The Coronavirus Pandemic Holds a Mirror to Our Culture’s Shameless Classism
While we rage against the system to protect us, how can we continue to ignore the plight of those who work for us?
Luxury quarantine is now a curious side effect of the Covid19 pandemic: The Delhi government is allowing people to use hotels near the airport as paid quarantine centers to socially distance themselves in peace, perhaps with room service? “Those who need to use these hotels will need to pay. These hotels in Delhi can be booked for the mandatory ’14-day quarantine’ for travelers reaching Delhi from abroad. The bills will have to be paid by the guests who want luxurious isolation during the quarantine,” Delhi Chief Minister Arvind Kejriwal told The Economic Times. The bill? Around Rs. 3100 a day.
On the opposite of the spectrum, bare minimum social distancing is proving a lot harder to accomplish than once thought. In an essay, physicians Vijay Gopichandran, Sudharshini Subramaniam, and Vinod H Krishnamoorthy dismiss social distancing, or the practice of maintaining distance to avoid the spread of contagion, as a joke in India. People who live with multiple others in single rooms cannot realistically consider locking themselves A 50-year-old woman, who showed symptoms similar to Covid19 and lived with multiple people within a single hut, dismissed isolation, saying, “Three of us are women and it is not safe for women to sleep outside the house. There is also the threat of scorpions and snakes outside.”
Our culture was never an equitable one; we’ve always either discriminated against or ill-treated people on the basis of various parameters. However, pandemics are uniquely efficient when it comes to laying bare the class divides our society thrives off. Sure, the Covid19 virus doesn’t discriminate by virtue of who’s rich and poor, but failing healthcare systems, governmental non-action, and our inability to view even caring for our communities beyond immediate circles do. Low-income groups, including people whose work involves cooking, cleaning, grooming, delivering food, groceries, and more are most vulnerable to Covid19.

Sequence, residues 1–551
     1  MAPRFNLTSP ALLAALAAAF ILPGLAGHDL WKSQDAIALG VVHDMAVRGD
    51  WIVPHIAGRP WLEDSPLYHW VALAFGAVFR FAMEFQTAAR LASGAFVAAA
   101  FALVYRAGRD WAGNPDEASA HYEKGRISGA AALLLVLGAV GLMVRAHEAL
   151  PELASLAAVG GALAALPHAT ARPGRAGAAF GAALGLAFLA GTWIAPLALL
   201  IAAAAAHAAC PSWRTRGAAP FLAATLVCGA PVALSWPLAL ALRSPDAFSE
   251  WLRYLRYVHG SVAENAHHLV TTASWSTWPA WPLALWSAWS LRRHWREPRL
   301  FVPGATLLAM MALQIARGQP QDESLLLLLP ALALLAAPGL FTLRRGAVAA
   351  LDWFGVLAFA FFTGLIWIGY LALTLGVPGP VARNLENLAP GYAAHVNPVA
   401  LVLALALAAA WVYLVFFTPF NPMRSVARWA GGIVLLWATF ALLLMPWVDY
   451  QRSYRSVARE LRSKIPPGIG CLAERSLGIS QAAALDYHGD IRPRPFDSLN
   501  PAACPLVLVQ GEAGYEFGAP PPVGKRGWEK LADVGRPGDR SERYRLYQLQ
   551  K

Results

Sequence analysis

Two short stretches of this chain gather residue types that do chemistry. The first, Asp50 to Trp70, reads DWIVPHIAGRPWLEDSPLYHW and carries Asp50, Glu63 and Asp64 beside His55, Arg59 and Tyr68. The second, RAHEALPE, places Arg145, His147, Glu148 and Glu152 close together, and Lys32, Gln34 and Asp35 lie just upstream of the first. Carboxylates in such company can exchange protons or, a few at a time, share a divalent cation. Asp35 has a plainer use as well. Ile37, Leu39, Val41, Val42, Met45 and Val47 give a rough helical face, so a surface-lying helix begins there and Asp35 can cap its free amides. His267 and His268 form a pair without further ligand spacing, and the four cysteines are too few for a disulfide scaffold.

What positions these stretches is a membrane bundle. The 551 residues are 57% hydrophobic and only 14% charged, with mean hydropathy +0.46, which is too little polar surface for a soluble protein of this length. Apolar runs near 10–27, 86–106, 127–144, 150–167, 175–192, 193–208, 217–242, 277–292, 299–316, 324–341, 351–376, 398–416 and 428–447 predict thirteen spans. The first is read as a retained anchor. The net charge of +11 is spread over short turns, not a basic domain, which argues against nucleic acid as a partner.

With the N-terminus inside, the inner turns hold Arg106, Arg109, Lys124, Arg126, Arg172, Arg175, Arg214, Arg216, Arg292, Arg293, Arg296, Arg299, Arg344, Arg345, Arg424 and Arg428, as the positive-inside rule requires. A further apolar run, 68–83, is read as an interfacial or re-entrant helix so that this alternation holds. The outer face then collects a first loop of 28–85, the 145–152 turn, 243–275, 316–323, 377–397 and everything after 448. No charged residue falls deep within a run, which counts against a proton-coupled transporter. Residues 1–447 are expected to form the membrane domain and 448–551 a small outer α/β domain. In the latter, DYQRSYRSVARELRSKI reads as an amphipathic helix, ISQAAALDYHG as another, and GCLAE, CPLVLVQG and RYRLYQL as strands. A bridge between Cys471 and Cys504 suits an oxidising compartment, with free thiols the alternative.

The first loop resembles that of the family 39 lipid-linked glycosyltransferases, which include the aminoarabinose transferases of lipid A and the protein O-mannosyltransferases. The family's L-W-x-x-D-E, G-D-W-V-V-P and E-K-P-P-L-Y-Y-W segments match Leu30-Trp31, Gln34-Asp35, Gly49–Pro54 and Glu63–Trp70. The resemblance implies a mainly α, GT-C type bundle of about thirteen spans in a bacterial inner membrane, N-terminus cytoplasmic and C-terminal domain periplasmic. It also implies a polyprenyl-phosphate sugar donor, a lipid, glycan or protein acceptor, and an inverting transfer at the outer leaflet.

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The manifestation of our blissful disregard for these individuals is two-fold. We choose to protect ourselves, Instagramming sanitizers and not touching our faces, while expecting our cooking/cleaning/driving staff and deliveries to come through seamlessly, regardless of the fear or concern they may feel. A., 36, who works as a home cleaner, did not want to go work in a particular apartment complex because rumors of people contracting the virus within the complex made her uncomfortable. However, her employers kept pushing her to come, even after the apartment complex eventually disallowed entry of the staff; they’d flout rules to get her in, they told her. N., who is in her late 40s and also works as a home cleaner, wanted to stay home when rumors floated about in her neighborhood that Covid19 patients would be detained or beaten — but her employers refused to give her paid leave. She stayed home after the apartment complex she worked at also disallowed entry, but lost money.
Or, we choose to demonize those who work in our homes, cloaking our disgust at their living conditions, appearance, and perceived uncleanliness, with faux concern.The latter isn’t voicing the very real worry of contracting a virus, but rather dehumanizing the help as mere sources of infection — “I’m making my maid shower as soon as she enters the house,” or “I don’t think my maid is washing her hands properly.” Perhaps, we all could benefit from a reminder that we’re talking about real people.
Plus, the entitlement we feel for seamless services is also a bit rich, considering our own relentless outrage at being made to step out of our homes to work. Even though we demand that our employers let us work from home in the name of self and community protection, we still demand that our house help come and work every day — smells a lot like hypocrisy, right?
If pandemics are capable of blatantly magnifying class divides, no time better than now to take advantage of realizing that this isn’t survival of ‘people like us’, but the survival of as many people as possible regardless of their class position. Social distancing while having a source of income can’t just be for us and other people like us, it has to include all employees — whether they’re working for a large corporation or within someone’s home. Its time we treat those we employ with dignity — offer them paid leave, for time to take stock and care for themselves without worry, just like we’d want for ourselves.
Aditi Murti is a culture writer at The Swaddle. Previously, she worked as a freelance journalist focused on gender and cities. Find her on social media @aditimurti.